Another publishing model which may be making a comeback is the subscription. In 2000 Stephen King attempted to publish a novel in instalments online: the reading public was expected to pay a dollar for each episode to keep them coming. After massive initial interest, the work was never issued in its entirety. But another way to go which I have seen mooted recently is the ‘real’ subscription model: put very simply, you advertise to your potential readership that you propose to publish a book; ask them to pay in advance for their copy; and if enough sign up, you may be able to cover your origination costs. Print (POD) as many copies as you have subscribers, and any subsequent extra sales will then (we hope) put you into profit. Henry Cooper’s three-volume Athenae Cantabrigienses of 1858 was one of very many books financed in this way in the eighteenth and nineteenth centuries, and in our reissue of Volume 1 we have included the printed ‘Prospectus’ which he circulated to attract subscribers.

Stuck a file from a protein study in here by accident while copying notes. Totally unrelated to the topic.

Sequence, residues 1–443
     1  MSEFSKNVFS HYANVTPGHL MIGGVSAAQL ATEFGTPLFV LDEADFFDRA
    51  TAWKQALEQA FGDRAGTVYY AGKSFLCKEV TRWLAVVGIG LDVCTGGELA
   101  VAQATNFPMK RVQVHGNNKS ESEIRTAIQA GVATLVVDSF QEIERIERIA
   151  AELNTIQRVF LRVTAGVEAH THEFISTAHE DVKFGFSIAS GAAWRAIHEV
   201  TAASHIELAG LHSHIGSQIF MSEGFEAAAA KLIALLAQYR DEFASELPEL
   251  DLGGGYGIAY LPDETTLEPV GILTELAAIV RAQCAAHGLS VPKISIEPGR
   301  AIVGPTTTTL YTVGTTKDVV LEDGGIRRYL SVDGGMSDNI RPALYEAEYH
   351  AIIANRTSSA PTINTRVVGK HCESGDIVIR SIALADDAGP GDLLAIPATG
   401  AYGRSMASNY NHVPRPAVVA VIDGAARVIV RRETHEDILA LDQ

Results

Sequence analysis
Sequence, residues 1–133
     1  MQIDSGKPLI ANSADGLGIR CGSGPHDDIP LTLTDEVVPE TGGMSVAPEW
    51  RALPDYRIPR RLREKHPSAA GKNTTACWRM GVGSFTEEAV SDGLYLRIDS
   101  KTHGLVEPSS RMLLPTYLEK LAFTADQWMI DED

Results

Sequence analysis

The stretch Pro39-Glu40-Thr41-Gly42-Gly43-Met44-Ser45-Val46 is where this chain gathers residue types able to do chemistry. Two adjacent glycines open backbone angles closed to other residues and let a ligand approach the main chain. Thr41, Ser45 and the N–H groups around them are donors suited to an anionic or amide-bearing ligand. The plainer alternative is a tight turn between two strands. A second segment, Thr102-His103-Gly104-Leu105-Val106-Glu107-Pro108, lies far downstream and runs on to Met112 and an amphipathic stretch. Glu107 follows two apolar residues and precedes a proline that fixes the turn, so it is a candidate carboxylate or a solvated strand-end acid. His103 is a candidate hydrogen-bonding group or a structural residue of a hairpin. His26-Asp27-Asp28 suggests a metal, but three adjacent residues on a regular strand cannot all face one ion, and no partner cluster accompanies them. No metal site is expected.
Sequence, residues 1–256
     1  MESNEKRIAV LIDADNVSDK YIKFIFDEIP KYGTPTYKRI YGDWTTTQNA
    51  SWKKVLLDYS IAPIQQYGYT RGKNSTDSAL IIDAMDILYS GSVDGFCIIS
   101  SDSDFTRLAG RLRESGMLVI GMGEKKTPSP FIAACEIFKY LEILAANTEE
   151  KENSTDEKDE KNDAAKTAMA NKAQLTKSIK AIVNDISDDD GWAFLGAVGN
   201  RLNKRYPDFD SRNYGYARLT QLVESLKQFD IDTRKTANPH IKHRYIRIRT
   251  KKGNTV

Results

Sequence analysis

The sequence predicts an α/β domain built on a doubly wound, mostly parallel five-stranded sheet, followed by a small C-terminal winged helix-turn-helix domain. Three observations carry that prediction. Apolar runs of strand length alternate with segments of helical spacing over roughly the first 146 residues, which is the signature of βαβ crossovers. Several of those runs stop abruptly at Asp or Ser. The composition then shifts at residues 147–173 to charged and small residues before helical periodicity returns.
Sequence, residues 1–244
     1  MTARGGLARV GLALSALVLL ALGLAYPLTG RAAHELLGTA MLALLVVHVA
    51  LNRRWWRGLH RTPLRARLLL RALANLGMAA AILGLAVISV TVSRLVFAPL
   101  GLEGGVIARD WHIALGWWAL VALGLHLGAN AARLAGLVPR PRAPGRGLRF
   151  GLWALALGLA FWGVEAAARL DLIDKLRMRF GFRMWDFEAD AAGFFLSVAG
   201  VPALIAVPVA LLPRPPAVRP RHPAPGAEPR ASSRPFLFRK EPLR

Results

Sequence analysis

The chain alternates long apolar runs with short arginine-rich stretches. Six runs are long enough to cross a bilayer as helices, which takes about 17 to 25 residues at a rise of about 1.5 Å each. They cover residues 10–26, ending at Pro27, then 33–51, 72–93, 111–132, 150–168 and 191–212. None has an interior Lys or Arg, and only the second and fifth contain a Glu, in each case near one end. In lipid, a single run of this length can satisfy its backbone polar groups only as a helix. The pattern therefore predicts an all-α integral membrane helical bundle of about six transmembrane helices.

It was usual in these circumstances to list the subscribers at the beginning (or end) of the book. The teacher Mrs Margaret Bryan does so in her Compendious System of Astronomy, published in 1797: the names are ordered by letters of the alphabet, but apparently in rank order inside each letter. Thus, ‘A’ begins splendidly with ‘His Grace the Lord Archbishop of Canterbury’, and ‘B’ with Right Honorable [sic] Lord Americus Beauclerk’. A whole extended Essex family (one assumes) named Nottidge subscribed – Josiah and Mrs of Bocking, Thomas and Mrs (ditto), John-Thomas, of Trinity College, Cambridge (3 copies), Josiah junior, of Bocking, Reverend John of Aslington, William, of Russell Street, London, and George of Warmingford. A number of Mrs and Misses appear, and several of the ‘misses’ have the address ‘Bryan House’: it is safe to assume that these are pupils at Mrs Bryan’s boarding school for girls, located first in Blackheath near London, and then at Margate, on the Kent coast.